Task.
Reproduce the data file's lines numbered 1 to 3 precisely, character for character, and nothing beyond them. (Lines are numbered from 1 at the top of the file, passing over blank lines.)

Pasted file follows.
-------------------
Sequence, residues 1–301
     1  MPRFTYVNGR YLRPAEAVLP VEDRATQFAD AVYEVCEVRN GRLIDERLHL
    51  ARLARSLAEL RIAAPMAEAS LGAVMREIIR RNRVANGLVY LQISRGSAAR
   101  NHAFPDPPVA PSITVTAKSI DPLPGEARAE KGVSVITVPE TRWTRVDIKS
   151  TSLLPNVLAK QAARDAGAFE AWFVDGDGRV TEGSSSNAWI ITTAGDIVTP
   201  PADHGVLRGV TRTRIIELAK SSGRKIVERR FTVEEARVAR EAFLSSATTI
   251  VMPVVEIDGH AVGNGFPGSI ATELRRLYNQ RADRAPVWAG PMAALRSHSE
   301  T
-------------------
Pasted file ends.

Sequence, residues 1–301
     1  MPRFTYVNGR YLRPAEAVLP VEDRATQFAD AVYEVCEVRN GRLIDERLHL
    51  ARLARSLAEL RIAAPMAEAS LGAVMREIIR RNRVANGLVY LQISRGSAAR